“Everything in Moderation” Does Not Work as a Diet

I’ve been told by people who care for my well-being that I suck at moderation, especially with things I’m passionate about, and that this very fact will be my downfall. This is true. I do suck at moderation, but I believe I’m not alone in this. We are many. And I don’t believe it has to be anyone’s downfall. In fact, if handled properly, this “flaw” can lead to a beautiful way of life, with the help of self-analysis and self-awareness.

The goal of any diet should be lifelong happiness.

moderationThe path to that goal is in learning the strengths and weaknesses of your own brain. Everyone is different, so above all: know yourself. For me, there are some things (lets call them Apples) I can do in moderation and be really happy. There are other things (let’s call them Pizza) that I can’t do in moderation, and I’m never truly happy with them except in the brief moment of indulgence. If I moderate on the Pizza, I’m not happy long-term. If I indulge in the Pizza, I’m not happy long-term. So the path to a happy diet, for me, is saying yes to Apples and no to Pizza. Here’s why…

In a world of excess, moderation requires willpower. And willpower is something that most of us only have when we’re motivated by a goal. (Example: you have to fit into a wedding dress or you want to make a specific weight class for a grappling tournament.) But goals come and go. A good diet is one that doesn’t rely on goals. A good diet is a lifestyle that makes you happy, that is as natural as breathing.

So my process with food is simple. It’s the scientific method applied to myself. I put food into three categories:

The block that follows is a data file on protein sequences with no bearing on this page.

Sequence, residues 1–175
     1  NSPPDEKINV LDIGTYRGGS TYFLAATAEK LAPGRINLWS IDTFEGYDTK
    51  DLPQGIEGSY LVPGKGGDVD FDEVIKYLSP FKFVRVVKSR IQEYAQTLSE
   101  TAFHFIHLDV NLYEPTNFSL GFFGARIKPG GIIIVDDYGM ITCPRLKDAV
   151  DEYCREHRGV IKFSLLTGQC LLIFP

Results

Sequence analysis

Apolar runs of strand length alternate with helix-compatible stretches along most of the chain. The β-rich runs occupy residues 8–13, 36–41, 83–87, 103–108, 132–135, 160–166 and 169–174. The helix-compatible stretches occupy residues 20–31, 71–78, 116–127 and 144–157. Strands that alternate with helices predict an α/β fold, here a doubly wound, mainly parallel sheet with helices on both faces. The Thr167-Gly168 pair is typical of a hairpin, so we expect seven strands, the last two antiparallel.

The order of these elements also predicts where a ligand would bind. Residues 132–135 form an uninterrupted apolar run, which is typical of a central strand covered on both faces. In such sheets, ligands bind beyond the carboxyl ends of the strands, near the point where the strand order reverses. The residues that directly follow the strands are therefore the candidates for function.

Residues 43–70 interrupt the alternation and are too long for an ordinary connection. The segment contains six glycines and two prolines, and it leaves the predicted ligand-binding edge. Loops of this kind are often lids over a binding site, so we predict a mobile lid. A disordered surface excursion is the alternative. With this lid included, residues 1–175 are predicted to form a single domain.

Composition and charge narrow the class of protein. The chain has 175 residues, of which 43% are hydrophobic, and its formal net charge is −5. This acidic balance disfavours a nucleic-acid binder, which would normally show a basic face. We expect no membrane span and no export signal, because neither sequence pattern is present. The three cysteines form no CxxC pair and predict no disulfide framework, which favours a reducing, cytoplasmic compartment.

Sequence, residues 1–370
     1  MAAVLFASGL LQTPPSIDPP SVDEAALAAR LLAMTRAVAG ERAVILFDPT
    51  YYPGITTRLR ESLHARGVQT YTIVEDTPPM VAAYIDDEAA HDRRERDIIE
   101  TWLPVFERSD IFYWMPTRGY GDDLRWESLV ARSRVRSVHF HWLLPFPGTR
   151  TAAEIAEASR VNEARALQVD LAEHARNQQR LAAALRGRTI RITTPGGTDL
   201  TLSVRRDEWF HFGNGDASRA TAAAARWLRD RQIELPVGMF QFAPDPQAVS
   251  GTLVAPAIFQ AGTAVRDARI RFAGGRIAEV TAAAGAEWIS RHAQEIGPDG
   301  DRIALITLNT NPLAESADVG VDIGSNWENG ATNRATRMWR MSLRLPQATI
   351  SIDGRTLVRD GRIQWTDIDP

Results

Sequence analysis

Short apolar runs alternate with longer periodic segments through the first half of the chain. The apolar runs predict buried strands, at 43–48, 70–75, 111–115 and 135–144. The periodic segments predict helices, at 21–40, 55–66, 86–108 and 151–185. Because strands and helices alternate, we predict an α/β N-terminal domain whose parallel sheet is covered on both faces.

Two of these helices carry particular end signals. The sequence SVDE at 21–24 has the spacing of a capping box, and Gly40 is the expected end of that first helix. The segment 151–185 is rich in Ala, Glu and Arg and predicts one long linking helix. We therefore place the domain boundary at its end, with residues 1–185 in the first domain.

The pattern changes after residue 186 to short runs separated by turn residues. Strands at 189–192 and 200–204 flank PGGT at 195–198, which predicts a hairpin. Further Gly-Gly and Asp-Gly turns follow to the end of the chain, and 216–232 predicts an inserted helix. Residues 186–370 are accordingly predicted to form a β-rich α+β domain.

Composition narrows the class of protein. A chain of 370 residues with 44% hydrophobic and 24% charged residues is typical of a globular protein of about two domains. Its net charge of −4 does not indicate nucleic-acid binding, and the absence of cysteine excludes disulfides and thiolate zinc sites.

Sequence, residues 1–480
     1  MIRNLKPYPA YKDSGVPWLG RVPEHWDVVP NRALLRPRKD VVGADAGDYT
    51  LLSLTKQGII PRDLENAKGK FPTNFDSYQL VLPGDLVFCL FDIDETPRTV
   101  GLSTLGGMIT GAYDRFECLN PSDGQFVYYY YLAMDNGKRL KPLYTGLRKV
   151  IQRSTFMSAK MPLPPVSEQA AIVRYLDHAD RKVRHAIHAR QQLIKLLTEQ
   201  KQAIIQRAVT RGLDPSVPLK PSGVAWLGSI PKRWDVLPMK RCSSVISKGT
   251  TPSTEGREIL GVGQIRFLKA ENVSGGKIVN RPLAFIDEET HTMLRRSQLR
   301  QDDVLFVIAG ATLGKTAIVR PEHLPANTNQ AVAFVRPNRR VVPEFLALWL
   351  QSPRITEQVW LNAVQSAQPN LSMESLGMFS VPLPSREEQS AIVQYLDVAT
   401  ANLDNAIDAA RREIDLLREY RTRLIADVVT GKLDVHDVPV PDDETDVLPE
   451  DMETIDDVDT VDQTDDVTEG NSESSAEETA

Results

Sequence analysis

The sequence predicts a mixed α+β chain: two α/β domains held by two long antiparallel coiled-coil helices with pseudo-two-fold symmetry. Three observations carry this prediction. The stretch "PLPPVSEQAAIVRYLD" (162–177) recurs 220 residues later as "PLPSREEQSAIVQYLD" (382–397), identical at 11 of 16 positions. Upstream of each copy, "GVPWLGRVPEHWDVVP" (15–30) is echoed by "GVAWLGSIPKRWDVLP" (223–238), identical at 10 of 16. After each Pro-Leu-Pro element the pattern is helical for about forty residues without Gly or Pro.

1. Yes.
  2. No.
  3. Yes, but rarely.

I evaluate food not on some abstract Platonic ideal of a diet, but on personal experience. For each food I have in front of me, I ask two questions (the first being the most important):

  1. Have I shown in the past that I’m able to eat this food in moderation?
  2. Is this food healthy?

I believe that people don’t change. You are what you are. Accept it! Don’t live in denial about what foods you can control yourself with and what you can’t. You might see that your past as something you have grown out of, but sadly, the past is one of the most brutally honest indicators of who you really are.

Sure, I might show restraint now, when I’m motivated. But what about a week from now, a month from now? So, based on these questions I put food in the three categories:

  1. Yes: Healthy food I can eat in moderation.
  2. No: ANY food I can’t eat in moderation.
  3. Yes, but rarely: Unhealthy food I can in moderation.

It’s simple. My diet is made of things I have proven I can eat in moderation (while being happy about it). That might seem at first glance like a diet that is denying me the many pleasures of life. That might be true to an outside observer, but to me, as I live day-to-day, I’m really happy with the food I eat. My brain adjusts to the diet and derives a lot of pleasure from it. No restraint required.


The only pressure there is on me to eat otherwise is peer pressure: the pressure of society to eat the food I don’t have a desire to eat. To me, that’s like coming up to a man happily involved in a monogamous relationship and saying: “Come on! Live a little! There are so many beautiful women out there. Are you really happy with the same girl, day after day?” My answer to that is yes. If I wasn’t happy, I wouldn’t be doing it. I am a man in control of my decisions, my actions, my present and my future.